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Monopoly on violence

 

Monopoly on violence

The legitimation.

According to Raymond Aron, international relations are characterized by the absence of widely acknowledged legitimacy in the use of force between states.[3]

Max Weber's theory

Max Weber wrote in Politics as a Vocation that a necessary condition of statehood is the retention of such a monopoly. His expanded definition was that something is "a 'state' if and insofar as its administrative staff successfully upholds a claim on the 'monopoly of the legitimate use of physical force' (German: das Monopol legitimen physischen Zwanges) in the enforcement of its order."[4][5] Weber's concept has been formalized to show that the exclusive policing power of the state benefits social welfare, provided the state acts benevolently in the interest of its citizens.[6]

According to Weber, the state is the source of legitimate physical force. The public police and military are its main instruments, but private security can also be used with state authorization. Martha Lizabeth Phelps, writing recently in Politics & Policy, takes his idea a step further. Phelps claims that the use of private actors by the state remains legitimate if and only if military contractors are perceived as being controlled by the state.[7] Weber applied several caveats to his discussion of the state's monopoly of force:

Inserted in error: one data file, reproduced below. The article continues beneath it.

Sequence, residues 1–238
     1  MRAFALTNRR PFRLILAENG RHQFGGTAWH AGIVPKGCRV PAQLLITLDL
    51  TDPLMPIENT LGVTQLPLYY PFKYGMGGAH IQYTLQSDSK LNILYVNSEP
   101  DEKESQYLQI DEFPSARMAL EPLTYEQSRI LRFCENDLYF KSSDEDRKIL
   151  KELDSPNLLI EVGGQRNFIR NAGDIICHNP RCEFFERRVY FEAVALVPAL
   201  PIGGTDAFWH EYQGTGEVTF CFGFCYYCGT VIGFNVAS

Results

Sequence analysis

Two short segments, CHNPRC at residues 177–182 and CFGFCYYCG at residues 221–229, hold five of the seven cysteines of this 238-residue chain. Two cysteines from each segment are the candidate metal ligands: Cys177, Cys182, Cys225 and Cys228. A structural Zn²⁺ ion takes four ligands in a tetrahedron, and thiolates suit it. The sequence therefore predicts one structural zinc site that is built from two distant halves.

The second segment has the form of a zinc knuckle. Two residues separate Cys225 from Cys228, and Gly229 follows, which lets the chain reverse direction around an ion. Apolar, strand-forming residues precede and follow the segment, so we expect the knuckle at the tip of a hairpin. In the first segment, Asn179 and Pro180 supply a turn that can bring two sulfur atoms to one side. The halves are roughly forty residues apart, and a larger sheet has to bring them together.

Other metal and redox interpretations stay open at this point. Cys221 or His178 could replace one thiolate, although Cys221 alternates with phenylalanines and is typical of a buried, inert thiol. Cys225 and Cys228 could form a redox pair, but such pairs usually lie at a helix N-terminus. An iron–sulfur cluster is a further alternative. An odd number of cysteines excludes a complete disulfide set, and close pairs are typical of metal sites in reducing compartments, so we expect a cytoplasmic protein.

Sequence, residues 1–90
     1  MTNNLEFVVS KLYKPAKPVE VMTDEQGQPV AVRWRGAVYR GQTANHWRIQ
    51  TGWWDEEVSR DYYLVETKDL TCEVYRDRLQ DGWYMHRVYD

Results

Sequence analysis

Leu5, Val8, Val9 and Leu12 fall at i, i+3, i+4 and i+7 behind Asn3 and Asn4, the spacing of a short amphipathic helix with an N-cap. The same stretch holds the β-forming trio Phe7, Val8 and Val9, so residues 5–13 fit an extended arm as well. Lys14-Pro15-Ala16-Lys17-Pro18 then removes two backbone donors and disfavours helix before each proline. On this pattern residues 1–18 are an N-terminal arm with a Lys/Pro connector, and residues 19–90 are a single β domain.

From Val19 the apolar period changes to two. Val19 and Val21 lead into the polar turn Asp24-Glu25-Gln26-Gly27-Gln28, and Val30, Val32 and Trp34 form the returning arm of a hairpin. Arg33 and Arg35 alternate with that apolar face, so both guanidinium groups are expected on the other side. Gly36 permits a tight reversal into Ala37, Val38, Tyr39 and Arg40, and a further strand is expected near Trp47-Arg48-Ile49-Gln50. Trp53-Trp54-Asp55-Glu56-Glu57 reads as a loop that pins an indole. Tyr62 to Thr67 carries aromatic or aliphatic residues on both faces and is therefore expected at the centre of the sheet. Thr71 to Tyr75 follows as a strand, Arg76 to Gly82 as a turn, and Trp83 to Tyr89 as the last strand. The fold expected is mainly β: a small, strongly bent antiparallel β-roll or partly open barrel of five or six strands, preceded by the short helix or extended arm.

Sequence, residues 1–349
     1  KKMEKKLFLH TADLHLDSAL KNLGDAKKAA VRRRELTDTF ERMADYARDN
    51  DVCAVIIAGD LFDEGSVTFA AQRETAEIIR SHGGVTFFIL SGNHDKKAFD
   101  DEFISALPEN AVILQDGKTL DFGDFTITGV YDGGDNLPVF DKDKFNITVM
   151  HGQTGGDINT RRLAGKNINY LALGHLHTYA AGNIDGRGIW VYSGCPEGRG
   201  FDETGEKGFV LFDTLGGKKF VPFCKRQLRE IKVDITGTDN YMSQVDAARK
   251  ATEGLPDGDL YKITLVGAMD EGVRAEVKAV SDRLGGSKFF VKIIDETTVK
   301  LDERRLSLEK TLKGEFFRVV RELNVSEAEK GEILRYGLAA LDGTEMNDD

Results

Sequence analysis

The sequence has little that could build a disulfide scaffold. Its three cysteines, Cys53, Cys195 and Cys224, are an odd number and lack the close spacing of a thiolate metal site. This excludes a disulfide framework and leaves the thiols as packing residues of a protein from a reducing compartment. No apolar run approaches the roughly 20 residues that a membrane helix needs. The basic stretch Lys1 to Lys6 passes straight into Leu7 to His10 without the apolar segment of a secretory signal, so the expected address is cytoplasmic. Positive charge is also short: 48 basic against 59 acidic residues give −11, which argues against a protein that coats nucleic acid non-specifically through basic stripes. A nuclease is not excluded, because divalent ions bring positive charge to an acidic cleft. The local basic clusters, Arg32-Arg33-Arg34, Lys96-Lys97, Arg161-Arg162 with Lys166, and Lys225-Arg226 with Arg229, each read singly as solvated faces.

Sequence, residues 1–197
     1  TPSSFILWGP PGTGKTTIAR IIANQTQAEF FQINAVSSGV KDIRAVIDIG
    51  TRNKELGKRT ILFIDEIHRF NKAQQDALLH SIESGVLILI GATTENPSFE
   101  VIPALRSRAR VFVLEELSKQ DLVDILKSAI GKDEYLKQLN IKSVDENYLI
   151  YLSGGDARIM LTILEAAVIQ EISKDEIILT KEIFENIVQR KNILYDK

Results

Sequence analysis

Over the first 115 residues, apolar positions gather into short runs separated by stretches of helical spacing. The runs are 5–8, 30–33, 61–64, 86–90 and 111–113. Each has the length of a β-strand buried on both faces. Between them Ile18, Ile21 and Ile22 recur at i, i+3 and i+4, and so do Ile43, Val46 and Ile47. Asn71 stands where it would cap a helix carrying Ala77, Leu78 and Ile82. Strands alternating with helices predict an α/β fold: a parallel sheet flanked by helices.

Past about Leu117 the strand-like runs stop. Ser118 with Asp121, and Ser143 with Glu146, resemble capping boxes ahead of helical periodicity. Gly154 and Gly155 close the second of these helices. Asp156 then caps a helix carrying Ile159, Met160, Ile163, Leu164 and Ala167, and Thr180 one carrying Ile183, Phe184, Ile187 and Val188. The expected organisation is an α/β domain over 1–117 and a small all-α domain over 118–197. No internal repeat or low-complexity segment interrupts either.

• He intended the statement as a contemporary observation, noting that the connection between the state and the use of physical force has not always been so close. He uses the examples of feudalism, where private warfare was permitted under certain conditions, and of religious courts, which had sole jurisdiction over some types of offenses, especially heresy and sex crimes (thus the nickname "bawdy courts"). Regardless, the state exists wherever a single authority can legitimately authorize violence.
  • By the same token, the "monopoly" does not mean that only the government may use physical force, but that the state is the only source of legitimacy for all physical coercion or adjudication of coercion. For example, the law might permit individuals to use force in defense of one's self or property, but this right derives from the state's authority.

See also

References

  1. ^
  2. ^
  3. ^ Raymond Aron. Paix et guerre entre les nations, Paris 1962; English: Peace and War, 1966. New edition 2003.
  4. ^
  5. ^ Weber, Max. Wirtschaft und Gesellschaft (1921). p. 29
  6. ^ K. Grechenig, M. Kolmar, The State's Enforcement Monopoly and the Private Protection of Property, Journal of Institutional and Theoretical Economics (JITE) 2014, vol. 170 (1), 5-23.
  7. ^
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